Political Correctness and the response to sensitivity training

The development of sensitivity training has led many critics to claim that such training is not really designed to help people be more sensitive to other people’s ideas and feelings, but it is really crafted to change one’s attitudes, standards and beliefs. These critics argue that sensitivity training merely wears people down until they conform to the mentality of the group, and agree that views of the group are acceptable, regardless of the value of the group idea or belief. These critics further assert that sensitivity training is often misused to force people into complying with community directives to conform to standards of political correctness. Political correctness has been defined as “avoidance of expressions or actions that can be perceived to exclude or marginalize or insult people who are socially disadvantaged or discriminated against” or the “alteration of language to redress real or alleged injustices and discrimination or to avoid offense.” For example, the politically correct (PC) word for someone who is crippled would be disabled, and the PC word for someone who is blind would be visually impaired. While political correctness seems like a good thing, opponents of the political correctness movement argue that it represents a totalitarian movement toward an ideological state in which citizens will be terrorized into conforming with the PC movement or risk punishment by the State.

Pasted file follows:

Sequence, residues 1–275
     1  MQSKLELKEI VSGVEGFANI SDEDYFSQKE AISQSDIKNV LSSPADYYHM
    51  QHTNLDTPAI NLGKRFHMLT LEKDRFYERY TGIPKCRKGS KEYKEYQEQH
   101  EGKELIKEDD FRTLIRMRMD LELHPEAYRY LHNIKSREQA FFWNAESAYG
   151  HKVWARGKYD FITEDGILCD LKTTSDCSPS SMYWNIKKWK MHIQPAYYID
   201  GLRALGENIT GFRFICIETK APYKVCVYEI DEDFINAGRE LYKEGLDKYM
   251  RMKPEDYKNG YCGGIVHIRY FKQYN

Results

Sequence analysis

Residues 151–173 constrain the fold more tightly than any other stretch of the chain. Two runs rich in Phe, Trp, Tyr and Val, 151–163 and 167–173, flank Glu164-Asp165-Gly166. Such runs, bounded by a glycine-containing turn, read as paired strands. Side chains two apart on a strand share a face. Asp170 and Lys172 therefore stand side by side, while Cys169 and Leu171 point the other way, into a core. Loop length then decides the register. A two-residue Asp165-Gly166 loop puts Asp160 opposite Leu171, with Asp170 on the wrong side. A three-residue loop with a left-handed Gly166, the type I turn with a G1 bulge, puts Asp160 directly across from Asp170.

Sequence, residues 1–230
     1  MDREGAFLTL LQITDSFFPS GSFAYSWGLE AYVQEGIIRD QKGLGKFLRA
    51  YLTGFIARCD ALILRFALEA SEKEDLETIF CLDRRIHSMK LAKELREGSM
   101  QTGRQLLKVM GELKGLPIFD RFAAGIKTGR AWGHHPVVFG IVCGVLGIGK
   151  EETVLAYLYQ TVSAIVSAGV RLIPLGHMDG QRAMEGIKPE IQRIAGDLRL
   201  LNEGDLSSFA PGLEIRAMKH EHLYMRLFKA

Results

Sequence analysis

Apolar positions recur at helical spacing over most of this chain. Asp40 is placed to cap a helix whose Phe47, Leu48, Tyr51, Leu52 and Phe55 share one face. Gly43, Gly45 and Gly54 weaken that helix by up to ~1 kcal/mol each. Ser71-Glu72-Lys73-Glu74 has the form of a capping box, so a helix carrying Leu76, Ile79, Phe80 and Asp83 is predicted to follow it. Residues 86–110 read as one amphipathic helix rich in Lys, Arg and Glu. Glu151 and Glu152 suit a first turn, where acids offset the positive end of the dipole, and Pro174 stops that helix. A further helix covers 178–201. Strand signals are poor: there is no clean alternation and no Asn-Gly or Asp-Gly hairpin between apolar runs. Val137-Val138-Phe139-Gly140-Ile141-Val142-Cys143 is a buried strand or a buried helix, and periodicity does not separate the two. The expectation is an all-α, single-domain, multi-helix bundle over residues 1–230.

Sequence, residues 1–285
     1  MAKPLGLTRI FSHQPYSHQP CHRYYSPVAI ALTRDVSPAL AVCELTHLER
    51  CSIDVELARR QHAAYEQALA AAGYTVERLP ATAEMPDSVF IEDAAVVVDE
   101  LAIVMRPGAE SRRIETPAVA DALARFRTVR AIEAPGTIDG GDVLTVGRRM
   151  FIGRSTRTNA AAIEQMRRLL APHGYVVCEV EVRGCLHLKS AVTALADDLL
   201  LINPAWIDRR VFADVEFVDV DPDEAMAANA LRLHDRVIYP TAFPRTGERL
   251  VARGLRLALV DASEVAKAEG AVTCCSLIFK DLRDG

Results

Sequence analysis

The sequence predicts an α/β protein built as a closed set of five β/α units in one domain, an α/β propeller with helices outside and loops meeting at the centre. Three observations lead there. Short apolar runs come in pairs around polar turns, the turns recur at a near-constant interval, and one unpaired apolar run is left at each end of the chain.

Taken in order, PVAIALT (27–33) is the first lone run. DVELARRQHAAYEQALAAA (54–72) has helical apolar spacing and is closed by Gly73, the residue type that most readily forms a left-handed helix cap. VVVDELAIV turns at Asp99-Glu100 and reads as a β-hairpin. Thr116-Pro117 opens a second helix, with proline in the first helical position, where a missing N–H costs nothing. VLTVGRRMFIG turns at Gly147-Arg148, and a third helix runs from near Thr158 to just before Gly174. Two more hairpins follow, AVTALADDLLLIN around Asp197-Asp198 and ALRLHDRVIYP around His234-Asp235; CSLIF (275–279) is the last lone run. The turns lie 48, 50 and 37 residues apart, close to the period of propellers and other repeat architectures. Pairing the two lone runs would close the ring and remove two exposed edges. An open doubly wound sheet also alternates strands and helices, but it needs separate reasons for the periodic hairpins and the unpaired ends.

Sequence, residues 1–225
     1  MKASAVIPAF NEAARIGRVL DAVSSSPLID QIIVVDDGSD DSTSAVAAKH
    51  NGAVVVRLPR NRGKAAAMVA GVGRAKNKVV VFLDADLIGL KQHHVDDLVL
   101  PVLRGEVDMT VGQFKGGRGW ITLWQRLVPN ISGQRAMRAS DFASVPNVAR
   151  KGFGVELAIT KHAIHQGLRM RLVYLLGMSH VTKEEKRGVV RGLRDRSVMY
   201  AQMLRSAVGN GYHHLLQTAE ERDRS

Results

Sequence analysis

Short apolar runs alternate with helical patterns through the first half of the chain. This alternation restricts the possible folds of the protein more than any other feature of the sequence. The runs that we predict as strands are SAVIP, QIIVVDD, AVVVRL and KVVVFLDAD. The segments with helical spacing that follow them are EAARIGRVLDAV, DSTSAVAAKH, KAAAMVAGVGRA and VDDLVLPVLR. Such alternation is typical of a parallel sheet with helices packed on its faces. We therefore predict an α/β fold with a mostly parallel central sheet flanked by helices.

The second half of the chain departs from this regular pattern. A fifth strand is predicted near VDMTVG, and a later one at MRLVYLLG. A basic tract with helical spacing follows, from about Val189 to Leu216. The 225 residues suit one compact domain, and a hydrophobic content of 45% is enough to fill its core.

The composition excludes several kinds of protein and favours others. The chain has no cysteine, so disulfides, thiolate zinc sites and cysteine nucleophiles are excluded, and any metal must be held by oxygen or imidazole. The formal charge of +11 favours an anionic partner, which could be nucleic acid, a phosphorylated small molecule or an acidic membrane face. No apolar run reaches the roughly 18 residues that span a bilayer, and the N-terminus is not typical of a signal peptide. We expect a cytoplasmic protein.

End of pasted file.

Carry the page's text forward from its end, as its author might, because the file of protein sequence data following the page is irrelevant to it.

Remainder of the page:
This friction between advocates for sensitivity training and opponents of the PC movement has resulted in an emotional reaction to sensitivity training the workplace. In spring, 2000, the Environmental Protection Agency announced to its Washington-area employees that it was planning a series of sensitivity training seminars to “create understanding, sensitivity and awareness of diversity issues and provide a forum for exchanging information and ideas.” The course failed miserably. The EPA employees complained the course literature was condescending and one-sided. Many employees seemingly felt that only certain ones of them were being asked to be sensitive to the others.

Proponents of the PC movement assert that it merely makes each of us a bit more sensitive to the challenges that our fellow citizens may face on a day-by-day basis. Clearly, the debate will continue. Sensitivity training will continue, and employers and other organizations will continue to assess whether its effectiveness warrants the costs.

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